Israeli Defence Forces have intensified efforts to apprehend a terrorist who stabbed a Rabbi to death in the West Bank settlement of Ariel on Monday afternoon.
The Palestinian assailant stabbed to death Rabbi Itamar Ben-Gal in a shocking attack that has outraged Jews around the world.
The father of four was waiting at a hitchhiking post near Jerusalem Boulevard on his way to a Brit Milah circumcision ceremony for his nephew when the sickening incident occurred.
An off-duty IDF officer who witnessed the assault pursued the terrorist, striking him with his vehicle twice. But the killer fled towards the Palestinian village of Kifl Haris, the IDF said.
Security forces immediately launched a manhunt for the Arab citizen from Jaffa.
MDA and IDF paramedics attempted to resuscitate Rabbi Ben-Gal who was evacuated in critical condition to Beilinson Hospital in Petah Tikvah but he was pronounced dead from multiple stab wounds to his upper body.
Prime Minister Benjamin Netanyahu made his intentions clear in offering condolences to the victim’s family.
“IDF and Shin Bet forces are in pursuit of the terrorist or terrorists and we will bring them to justice,” he said. “These are difficult moments, but are people come together during such times.”
Netanyahu added: “I fully trust security forces, which are doing an outstanding job of protecting us.”
Ariel Mayor Eli Shaviro appealed to Netanyahu, government ministers and Knesset parliamentarians to respond by annexing settlements in the area.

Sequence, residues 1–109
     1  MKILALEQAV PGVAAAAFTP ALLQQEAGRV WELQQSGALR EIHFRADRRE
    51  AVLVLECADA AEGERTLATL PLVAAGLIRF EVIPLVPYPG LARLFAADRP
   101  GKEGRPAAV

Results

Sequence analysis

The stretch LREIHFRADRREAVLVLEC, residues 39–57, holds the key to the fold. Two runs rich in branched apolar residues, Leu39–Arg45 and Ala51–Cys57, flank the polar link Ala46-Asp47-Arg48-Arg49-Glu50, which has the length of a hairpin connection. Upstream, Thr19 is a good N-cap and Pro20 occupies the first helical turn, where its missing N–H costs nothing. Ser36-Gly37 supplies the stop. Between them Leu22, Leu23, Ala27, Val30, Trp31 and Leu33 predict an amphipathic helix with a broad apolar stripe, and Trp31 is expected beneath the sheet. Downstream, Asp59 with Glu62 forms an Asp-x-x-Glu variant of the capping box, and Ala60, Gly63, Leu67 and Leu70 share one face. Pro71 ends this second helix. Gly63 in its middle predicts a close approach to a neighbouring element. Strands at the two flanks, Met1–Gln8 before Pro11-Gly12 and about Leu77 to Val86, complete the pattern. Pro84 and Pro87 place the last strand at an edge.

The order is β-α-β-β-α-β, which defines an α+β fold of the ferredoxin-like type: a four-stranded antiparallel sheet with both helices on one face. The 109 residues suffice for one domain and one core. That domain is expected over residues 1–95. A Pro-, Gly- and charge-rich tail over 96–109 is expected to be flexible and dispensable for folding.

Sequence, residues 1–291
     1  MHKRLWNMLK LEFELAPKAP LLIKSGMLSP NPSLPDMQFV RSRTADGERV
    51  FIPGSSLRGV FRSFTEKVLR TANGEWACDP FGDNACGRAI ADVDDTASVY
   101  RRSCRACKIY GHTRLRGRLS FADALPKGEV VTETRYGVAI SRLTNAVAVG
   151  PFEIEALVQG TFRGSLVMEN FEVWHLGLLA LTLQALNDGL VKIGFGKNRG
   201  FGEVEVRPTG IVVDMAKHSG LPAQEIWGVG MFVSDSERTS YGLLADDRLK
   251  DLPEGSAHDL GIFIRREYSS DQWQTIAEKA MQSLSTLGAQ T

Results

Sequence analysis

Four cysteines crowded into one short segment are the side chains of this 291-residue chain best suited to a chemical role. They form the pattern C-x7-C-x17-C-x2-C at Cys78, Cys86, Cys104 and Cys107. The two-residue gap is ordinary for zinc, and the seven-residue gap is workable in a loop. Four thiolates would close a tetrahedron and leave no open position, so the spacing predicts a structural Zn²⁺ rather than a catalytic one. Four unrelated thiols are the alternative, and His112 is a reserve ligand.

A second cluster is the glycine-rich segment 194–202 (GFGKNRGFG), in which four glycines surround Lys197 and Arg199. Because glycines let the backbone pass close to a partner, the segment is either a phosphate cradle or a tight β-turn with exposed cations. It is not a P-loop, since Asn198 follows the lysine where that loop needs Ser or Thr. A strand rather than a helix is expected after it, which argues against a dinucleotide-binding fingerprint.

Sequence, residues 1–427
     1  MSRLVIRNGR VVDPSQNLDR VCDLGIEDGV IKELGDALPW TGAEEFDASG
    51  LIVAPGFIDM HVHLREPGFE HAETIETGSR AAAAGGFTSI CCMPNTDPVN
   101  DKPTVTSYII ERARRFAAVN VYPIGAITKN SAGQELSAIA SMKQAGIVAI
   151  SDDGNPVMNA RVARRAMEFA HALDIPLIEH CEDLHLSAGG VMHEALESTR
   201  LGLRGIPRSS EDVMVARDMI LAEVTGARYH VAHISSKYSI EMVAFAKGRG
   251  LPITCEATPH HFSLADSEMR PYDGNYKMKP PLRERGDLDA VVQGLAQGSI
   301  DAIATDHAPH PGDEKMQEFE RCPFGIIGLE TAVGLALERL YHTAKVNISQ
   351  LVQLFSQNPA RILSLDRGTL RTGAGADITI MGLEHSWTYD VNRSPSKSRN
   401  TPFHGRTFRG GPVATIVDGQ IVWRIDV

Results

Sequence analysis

“You have the responsibility to prevent the next terror attack,” he said. “Apply sovereignty.”
Defense Minister Avigdor Liberman tweeted: “The heart breaks, it’s only a matter of time before security forces will close accounts with the murderer.”
Israeli president Reuven Rivlin was “deeply saddened” by the terror attack.
“We all send comfort and strength to his widow, his four young children, his family and his students, who will never forget him,” he tweeted.
ZAKA Commander in the Shai region, Gil Bismut, confirmed details of the stabbing.
“I and my fellow ZAKA volunteers remained at the site to clear the area of human remains to ensure a full Jewish burial,” he said.
Originally from Rehovot, Rabbi Ben-Gal lived in the community of Har Bracha where some 2500 residents live on the outskirts of Shechem, also known as Nablus.
He was a teacher at the B’nei Akiva yeshiva in the Tel Aviv suburb of Givat Shmuel. Friends and family said he devoted his life to education, his students and his family.
Close friend, Yogev Cohen, said of Ben-Gal that he was a “model father,” an “amazing husband” and “idealist” who helped build the settlement Har Bracha, where he also learnt in Kollel and Yeshiva. “He was a special mix of derech eretz and Torah, a man with a heart of gold,” Cohen told Hebrew-language media, using a term for decency and morality.
“Just last week he told me how much he loved his students and loved to teach them a mix of Torah, science and values.”
Rabbi Ben-Gal was buried in Har Bracha on Tuesday morning and is the second Israeli to be killed in an attack in the West Bank in under a month.
Rabbi Raziel Shevach, 35, was fatally shot by Palestinians terrorists Rabbi in a drive-by shooting near Nablus in the northern West Bank on January 9.